Tariq ur Rehman at Islamabad airport, June 11, 2009. One of the Pakistani students rounded up by British authorities on allegations of terrorism that were later dropped described his detention as "mental torture" upon returning to his native country.
"Foreign Students are an Opportunity, Not a Threat"
June 18, 2009
Author: Azeem Ibrahim, Former Research Fellow, International Security Program, 2008–2010
Belfer Center Programs or Projects: International Security
This op-ed also appeared in the Pakistan Times as "Of the Foreign Students in the UK" on June 19, 2009.
To reduce terrorism in the long term, Britain must increase the number of students from Pakistan
While the British media was distracted by MPs' expense accounts last week, an important story about Britain's border controls went virtually ignored.
Bogus educational colleges have let hundreds of 'students' into the UK, often from areas in Pakistan which is home to Islamic militancy. But it was not a tabloid newspaper who called this "the biggest loophole in Britain's border controls". That damning description came directly from the man in charge of the system — immigration minister Phil Woolas.
He has now agreed to toughen the system, and not a moment too soon. All students who we let into the UK should be carefully scrutinised. Questionable, or fictional, institutions should be investigated and blacklisted. Students should lose their right to a student VISA if they do not turn up to any classes, the better to find out who is really here to study.
But we should resist the temptation to react to the fear of terrorism by turning inwards, reducing ties to foreign countries, and denying more students entry. Reducing the number of foreign student Visas would be counterproductive. The US tried it after September 11th, but has now reversed its approach, realising the harm it is doing. To do the same would be to be cowed into becoming a more closed society. We must remain open, outward-looking and vibrant. It is precisely many of these foreign students who will help their countries to reduce terrorism over the long run.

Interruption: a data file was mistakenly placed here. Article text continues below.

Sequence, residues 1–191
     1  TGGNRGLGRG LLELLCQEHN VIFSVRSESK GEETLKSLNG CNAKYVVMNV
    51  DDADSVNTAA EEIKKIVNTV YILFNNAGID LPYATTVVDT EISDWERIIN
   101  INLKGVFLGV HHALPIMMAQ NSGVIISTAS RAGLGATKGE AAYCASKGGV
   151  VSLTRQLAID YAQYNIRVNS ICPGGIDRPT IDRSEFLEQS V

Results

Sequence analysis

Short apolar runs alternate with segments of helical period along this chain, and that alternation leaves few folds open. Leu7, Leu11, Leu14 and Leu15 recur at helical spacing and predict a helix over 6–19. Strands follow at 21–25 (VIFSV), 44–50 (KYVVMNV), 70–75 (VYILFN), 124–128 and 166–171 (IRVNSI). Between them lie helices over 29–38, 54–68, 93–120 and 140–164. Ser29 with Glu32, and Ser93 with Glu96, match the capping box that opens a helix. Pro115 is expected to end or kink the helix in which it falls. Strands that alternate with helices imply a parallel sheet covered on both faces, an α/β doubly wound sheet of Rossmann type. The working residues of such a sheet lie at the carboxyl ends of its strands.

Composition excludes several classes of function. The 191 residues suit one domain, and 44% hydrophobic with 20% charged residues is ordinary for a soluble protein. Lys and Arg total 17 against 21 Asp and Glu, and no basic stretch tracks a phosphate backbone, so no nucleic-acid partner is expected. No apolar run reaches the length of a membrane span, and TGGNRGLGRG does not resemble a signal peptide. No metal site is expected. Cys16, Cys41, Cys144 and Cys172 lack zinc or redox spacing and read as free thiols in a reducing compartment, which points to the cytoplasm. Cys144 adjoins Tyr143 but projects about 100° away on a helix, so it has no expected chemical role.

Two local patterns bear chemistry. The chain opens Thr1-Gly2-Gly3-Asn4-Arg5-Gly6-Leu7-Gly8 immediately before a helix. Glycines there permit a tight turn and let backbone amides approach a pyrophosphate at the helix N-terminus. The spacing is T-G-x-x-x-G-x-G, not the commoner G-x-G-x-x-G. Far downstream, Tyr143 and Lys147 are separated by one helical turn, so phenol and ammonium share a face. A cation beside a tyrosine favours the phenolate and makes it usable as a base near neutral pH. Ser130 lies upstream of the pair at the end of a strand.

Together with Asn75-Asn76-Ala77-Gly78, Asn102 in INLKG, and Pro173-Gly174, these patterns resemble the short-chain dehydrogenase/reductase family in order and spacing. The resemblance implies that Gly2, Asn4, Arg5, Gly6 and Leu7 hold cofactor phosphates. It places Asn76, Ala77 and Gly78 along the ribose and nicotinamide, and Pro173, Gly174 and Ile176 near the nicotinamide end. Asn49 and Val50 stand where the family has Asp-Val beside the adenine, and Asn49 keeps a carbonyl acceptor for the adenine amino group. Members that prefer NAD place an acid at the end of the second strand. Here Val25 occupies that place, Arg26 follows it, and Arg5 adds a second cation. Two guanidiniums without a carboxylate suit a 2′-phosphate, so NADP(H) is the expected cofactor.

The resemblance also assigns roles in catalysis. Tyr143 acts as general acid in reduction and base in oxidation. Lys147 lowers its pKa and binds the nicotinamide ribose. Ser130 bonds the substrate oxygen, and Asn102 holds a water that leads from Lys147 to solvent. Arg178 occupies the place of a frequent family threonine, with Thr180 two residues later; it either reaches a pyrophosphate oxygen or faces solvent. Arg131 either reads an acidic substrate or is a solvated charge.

Firstly, studying here often gives students from younger democracies a better view of the UK in particular, and life under an established liberal democracy in general. Sadiq Khan, the Labour MP for Tooting, has argued that opinion in Pakistan of the UK is overwhelmingly negative in some parts, based on the misperception that the UK is involved with US drone strikes in Pakistan, which kill civilians.
The comment highlights how hard it is to control foreign perceptions of the UK. By studying here, foreign students can judge for themselves. Many will receive a positive impression of such values as a pluralistic press and the separation of powers, and return to set up vital civil society institutions at home.
Secondly, studying in the UK can improve governance abroad. By educating the next generation of engineers, civil servants, journalists and others in the UK, we are helping other countries, such as Pakistan, to be run by individuals with world class skills in future generations.
Take, for example, Sandhurst Academy. It has a substantial number of foreign officer cadets in the commissioning course. Part of the reason is that many of these students (such as members of the Royal families in the Gulf States) are the elite who will go back to positions of great influence in their countries. They are likely to look back at their time at Sandhurst as positive step in their development.
Thirdly, it improves international links. When I was at Sandhurst for the Territorial Army Commissioning Course, a senior officer told me that many of the current Iraqi officer corps were Sandhurst graduates. In 2003, on the eve of the Iraq war, their former UK officer cadets were able to call them in Iraq, explain the situation, and tell them to switch sides. Connections like this can only be formed early on, and university is an ideal time and place.
We risk making policy based on the minority of applicants who want to play the system. Instead we should be making policy based on the majority of foreign students who want to study hard and fulfil their aspirations.
Azeem Ibrahim is a research scholar at the International Security Program, Kennedy School of Government at Harvard University; world fellow at Yale University and a director at the European Centre for Advanced Defence and Strategic Studies.
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